#selfpublishing thoughts

A fellow writer, who lives in Tasmania, has asked me for my thoughts on my experience of going \’indie\’ as a writer of historical fiction. Prue Batten ( http://pruebatten.com/blog ) has been asked to sit on a panel at  the HNS-Australasia Conference in Sydney in March 2015 and talk about self publishing. She wanted to represent the views of other writers too, so this is mine:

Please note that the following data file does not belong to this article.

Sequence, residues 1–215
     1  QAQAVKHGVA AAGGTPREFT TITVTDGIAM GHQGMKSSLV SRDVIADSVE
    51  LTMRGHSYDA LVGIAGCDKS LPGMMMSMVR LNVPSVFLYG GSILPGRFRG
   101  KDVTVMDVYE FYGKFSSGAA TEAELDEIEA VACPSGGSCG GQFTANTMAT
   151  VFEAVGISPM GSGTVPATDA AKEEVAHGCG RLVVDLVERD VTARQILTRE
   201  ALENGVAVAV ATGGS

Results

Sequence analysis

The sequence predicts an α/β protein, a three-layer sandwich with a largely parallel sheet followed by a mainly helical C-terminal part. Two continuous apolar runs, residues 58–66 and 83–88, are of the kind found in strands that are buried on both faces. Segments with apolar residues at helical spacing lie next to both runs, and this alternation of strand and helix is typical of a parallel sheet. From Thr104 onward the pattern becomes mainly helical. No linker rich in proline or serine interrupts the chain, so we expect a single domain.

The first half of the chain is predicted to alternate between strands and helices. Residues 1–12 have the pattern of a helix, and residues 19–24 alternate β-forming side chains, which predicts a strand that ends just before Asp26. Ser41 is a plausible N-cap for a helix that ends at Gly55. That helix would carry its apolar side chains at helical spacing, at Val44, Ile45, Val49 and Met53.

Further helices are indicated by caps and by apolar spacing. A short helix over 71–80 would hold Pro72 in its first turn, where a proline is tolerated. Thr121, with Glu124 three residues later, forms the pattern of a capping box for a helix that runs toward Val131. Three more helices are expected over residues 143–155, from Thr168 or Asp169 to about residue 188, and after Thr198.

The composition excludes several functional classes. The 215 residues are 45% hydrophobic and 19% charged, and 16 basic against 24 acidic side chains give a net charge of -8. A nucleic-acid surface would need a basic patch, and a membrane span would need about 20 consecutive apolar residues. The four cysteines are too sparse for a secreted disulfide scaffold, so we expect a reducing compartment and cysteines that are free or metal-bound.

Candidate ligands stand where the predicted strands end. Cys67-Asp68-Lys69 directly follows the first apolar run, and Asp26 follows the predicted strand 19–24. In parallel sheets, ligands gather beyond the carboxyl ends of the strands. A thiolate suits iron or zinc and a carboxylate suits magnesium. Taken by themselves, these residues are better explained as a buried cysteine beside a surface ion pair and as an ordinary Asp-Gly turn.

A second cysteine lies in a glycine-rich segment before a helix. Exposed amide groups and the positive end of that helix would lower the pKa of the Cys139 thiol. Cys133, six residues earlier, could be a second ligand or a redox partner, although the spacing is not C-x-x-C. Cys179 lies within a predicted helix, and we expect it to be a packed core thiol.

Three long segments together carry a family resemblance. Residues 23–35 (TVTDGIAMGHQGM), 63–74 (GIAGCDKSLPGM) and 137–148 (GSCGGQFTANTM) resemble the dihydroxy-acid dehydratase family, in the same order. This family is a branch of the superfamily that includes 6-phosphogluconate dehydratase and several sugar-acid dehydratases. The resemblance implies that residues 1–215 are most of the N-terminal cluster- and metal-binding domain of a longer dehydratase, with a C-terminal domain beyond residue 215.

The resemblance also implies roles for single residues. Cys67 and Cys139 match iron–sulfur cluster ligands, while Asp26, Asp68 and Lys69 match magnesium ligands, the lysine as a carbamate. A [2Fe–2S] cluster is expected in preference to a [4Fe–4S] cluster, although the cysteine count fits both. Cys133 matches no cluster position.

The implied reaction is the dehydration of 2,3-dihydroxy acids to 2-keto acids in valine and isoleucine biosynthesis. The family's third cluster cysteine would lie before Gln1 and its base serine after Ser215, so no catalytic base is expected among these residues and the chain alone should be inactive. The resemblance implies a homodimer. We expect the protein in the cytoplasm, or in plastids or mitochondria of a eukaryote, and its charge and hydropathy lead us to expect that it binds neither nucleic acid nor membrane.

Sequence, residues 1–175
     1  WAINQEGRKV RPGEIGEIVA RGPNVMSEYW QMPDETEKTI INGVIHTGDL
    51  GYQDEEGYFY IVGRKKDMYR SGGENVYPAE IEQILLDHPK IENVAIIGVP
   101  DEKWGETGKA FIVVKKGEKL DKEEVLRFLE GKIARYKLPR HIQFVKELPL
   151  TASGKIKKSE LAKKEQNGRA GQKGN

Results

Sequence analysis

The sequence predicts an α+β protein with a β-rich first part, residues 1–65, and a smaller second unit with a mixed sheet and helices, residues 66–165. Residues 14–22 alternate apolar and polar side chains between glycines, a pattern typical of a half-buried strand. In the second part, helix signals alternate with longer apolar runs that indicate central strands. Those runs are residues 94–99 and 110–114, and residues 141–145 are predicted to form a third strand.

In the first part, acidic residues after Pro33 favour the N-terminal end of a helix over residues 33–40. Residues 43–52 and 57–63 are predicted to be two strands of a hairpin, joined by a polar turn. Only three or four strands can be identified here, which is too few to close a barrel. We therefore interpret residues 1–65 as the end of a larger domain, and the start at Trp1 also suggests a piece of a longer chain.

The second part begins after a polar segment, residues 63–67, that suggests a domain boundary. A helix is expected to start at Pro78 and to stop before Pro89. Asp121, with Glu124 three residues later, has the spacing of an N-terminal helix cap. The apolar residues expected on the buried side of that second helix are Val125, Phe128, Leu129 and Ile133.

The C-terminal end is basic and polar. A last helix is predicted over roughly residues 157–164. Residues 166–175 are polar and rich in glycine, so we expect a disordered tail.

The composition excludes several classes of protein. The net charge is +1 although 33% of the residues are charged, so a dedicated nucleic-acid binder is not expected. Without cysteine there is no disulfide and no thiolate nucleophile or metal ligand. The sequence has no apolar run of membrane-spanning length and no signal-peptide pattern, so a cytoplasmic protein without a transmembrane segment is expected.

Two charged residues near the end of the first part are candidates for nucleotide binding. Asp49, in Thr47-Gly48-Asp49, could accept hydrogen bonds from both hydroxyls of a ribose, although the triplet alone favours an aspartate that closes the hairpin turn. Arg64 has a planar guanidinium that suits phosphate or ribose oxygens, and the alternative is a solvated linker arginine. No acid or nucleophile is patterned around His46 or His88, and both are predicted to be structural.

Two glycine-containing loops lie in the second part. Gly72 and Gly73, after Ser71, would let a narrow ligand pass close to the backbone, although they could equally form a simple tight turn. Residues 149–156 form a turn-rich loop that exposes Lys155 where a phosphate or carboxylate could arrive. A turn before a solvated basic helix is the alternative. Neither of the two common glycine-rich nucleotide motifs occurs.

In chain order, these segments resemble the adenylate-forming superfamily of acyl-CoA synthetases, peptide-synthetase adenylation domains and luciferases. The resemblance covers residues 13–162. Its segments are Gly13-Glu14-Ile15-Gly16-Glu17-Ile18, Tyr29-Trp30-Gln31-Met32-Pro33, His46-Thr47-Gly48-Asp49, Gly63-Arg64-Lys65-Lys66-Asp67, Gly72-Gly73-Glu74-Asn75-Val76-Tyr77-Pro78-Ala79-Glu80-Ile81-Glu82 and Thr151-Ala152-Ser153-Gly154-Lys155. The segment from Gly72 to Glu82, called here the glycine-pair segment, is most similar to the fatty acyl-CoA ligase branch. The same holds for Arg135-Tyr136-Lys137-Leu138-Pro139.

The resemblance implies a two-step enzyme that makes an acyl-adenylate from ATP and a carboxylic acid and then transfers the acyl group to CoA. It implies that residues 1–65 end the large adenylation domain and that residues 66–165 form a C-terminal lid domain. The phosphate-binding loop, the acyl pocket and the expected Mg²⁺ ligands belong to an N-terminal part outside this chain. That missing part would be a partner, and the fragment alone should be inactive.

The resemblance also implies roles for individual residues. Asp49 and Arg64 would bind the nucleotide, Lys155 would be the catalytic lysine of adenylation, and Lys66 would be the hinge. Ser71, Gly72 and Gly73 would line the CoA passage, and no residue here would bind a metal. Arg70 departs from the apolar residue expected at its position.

\”I did try and go the traditional route and then I got bored with waiting for replies! The rules at that stage were that you could only submit to one editor at a time and each one took six months to respond in the negative. Meanwhile my life was slipping by and, having come late to writing, I couldn\’t afford to waste more time. I joined a peer review website, run by the Arts Council in the UK, called www.youwriteon.com. Encouraged by the anonymous reviews of my work on there, I decided, with the assistance of a writing friend met via the site, to go \’indie\’ and self publish. Having taken the plunge, I met another set of authors on Facebook who helped and supported me in my endeavour. In some ways, calling it independent publishing is a misnomer, as I had so much assistance from unpaid wellwishers. I\’ve since earned money from my two books, The Twisted Vine and Daffodils, money I would not have otherwise had and have therefore realised my personal dream of being paid for putting words in print. Learning to accept reviews on the chin at www.youwriteon.com was a great precursor to the same process with the general public, who have, on the whole, been kind and receptive of my work. The feedback has spurred me on to write a sequel to Daffodils, Peace Lily, and I have absorbed their comments and know this has improved my writing further. Being \’out there\’ in the public eye is both brave and foolhardy but readers are the best judges of whether a book works. Agents and publishers, as far as I can see, want books that sell. Indie writers have more freedom to write stories that move them, where they can bare their souls, reach out to kindred spirits and touch hearts, if they can, without trying to fit a particular genre, and it gives me immense satisfaction to know that I have achieved that. It is here that genuine exploration can occur, without the mercenary ties of making it pay (though very welcome!) and I think it is here that future great writing will be found, not exclusively of course, but the licence of independence gives creativity an unfettered playground in which to chase that elusive muse. The whole experience for me has been very positive and enjoyable. It is the future.\”

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